Pakistan is in a Constitutional Crisis Once Again. Here’s How It Ended Up There.

Prime Minister Imran Khan left his opponents all flummoxed as he dissolved Pakistan’s National Assembly on Sunday and called for a fresh set of elections, bypassing the no-trust motion scheduled against the incumbent. Khan’s adversaries have labeled the move as “unconstitutional,” but for the Prime Minister, it’s an opportunity to live to fight another day at the cost of Pakistan descending into a constitutional crisis. 


By Meenketan Jha, 7 Apr 2022

Khan, the cricketer turned politician, went on the defensive and called for mass protests in the capital Islamabad. The crisis was aggravated when defectors from Khan’s Pakistan Tehreek-e-Insaf (PTI) joined with the Opposition threatening to bring down his coalition government. The omnipresent and influential Pakistani Army is said to have withdrawn his backing as well. 

Pakistan Muslim League (Nawaz) or PML(N) President Shehbaz Sharif, who is also the leader of the Opposition, took to Twitter calling for the country’s top court to uphold the constitution, “It is nothing short of high treason. Imran Khan has pushed the country into anarchy. Niazi & his cohort will not be allowed to go scot-free. There will be consequences for blatant & brazen violation of the Constitution.”

The Supreme Court panel consisting of five judges overseeing the hearing had asked the Opposition and Khan’s government for their concluding arguments by Wednesday. The apex institution has asked Khan to delineate the “foreign conspiracy” allegations as was asserted by Khan in an address to the nation where the incumbent Prime Minister also accused the United States of America of trying to oust him from power.

Deputy Speaker Qasim Khan Suri, backed by Khan’s PTI, had dismissed the no-confidence vote led by the opposition, terming the motion as a violation of Article 5 of Pakistan’s constitution, which asks for loyalty and obedience to the constitution and law. Suri had approved the dissolution of the parliament after Information Minister Fawad Chaudhry had reiterated Prime Minister Khan’s proclamations.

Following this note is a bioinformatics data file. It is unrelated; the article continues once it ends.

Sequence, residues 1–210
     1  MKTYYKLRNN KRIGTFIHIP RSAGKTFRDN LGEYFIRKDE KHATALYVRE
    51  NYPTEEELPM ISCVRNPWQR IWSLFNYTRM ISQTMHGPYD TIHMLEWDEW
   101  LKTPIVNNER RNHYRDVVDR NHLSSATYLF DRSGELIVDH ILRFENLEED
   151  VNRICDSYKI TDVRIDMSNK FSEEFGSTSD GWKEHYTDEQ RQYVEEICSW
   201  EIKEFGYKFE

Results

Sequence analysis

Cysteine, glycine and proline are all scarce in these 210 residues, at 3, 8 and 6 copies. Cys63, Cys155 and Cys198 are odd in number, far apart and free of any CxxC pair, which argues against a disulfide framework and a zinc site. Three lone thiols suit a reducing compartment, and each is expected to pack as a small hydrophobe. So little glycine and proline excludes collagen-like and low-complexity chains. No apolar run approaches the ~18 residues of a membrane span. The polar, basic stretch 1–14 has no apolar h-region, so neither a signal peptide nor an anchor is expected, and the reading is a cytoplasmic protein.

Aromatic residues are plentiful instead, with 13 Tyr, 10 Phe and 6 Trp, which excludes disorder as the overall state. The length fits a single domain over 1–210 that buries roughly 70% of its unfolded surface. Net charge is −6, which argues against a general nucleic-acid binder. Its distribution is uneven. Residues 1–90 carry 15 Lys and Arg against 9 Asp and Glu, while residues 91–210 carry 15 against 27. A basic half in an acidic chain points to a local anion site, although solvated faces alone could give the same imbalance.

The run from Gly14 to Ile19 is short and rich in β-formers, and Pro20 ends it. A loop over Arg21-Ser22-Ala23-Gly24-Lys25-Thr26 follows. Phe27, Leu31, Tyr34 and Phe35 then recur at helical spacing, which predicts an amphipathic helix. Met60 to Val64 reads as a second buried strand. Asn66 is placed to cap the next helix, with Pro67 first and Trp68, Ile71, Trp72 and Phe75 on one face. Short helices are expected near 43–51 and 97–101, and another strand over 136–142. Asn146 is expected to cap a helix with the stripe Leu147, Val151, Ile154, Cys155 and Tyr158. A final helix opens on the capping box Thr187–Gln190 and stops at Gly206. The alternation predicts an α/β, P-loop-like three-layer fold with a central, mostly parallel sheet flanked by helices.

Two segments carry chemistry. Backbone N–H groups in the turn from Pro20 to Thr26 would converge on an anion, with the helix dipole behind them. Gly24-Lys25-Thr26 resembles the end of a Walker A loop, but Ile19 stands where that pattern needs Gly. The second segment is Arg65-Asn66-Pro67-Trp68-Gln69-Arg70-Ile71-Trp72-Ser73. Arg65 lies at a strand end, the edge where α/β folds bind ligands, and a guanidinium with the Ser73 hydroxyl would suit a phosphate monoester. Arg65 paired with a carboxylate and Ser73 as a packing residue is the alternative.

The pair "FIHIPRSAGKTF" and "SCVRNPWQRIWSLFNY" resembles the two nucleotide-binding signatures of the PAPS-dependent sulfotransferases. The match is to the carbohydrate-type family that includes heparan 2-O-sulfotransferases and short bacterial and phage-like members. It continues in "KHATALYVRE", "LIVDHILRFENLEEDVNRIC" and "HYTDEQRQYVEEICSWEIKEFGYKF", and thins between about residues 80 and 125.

The allegations hurled toward the US hardly come as a surprise. During the former cricketer’s tenure, India’s bitter rivals have been developing closer relations with Russia and Khan was the first Pakistani Head of State to visit Moscow in over two decades. 

US diplomat Donald Lu, replying to a query by Pakistani paper, Dawn, said, “There is absolutely no truth to that allegation.”

A survey by Geo News indicated that not many Pakistanis are buying into this theory. Rather than a US conspiracy, 64% feel that the Opposition’s call for a no-confidence motion is because of high inflation and the PTI government’s failure to control the rising prices.

If the Supreme Court rules in Khan’s favor, the National Assembly will be dissolved and new elections will be scheduled in 90 days. On the other hand, if the top bench’s decision doesn’t support Khan, a no-confidence vote will be a go as was previously scheduled. Both would mean that no Head of State in Pakistan has ever completed their 5-year term since the country’s inception 75-years ago.

Prime Minister Imran Khan had earlier claimed that the Army and Opposition were colluding to expel him from the hot seat. But, the Pakistani military, in a statement, refuted Khan vehemently asserting that it had nothing to do with the no-confidence motion. The relationship between the establishment, as the Prime Minister, refers to the army by, and the Prime Minister himself has been getting frostier. 

As per several media reports, the Army has contradicted Khan’s comments alleging the supposed American conspiracy to remove Pakistan’s head, saying that the accusations had no evidence to back the claim. 

As per says, Dr Ayesha Siddiqa, a research associate at SOAS University of London and a military expert, the Military’s response to the crisis at hand has been rather understated, “So from PML (N) to PPP, it’s not that they don’t have support in each political party. The only thing is that they don’t want them [the political parties] to have the joy that they have actually won a victory against the military.” 

While the “establishment” has so far let Imran Khan off the ropes, Dr Siddiqa says this unusually nonchalant stance will ensure that the incumbent Prime Minister remains a political force even if any party in the Opposition is voted into power when or if new elections are held, “I am under no illusion that the next elections will not be kind of controlled by the military.”

Imran Khan had nominated former Chief Justice Gulzar Ahmed to be the caretaker Prime Minister once the National Assembly was dissolved. As per sources, the Opposition has come back with its own name, Justice Maqbool Baqir, who has recently retired from the Supreme Court. While these names are up in the air, only the decision of the country’s highest judiciary will determine whether either will become caretaker Prime Minister or not.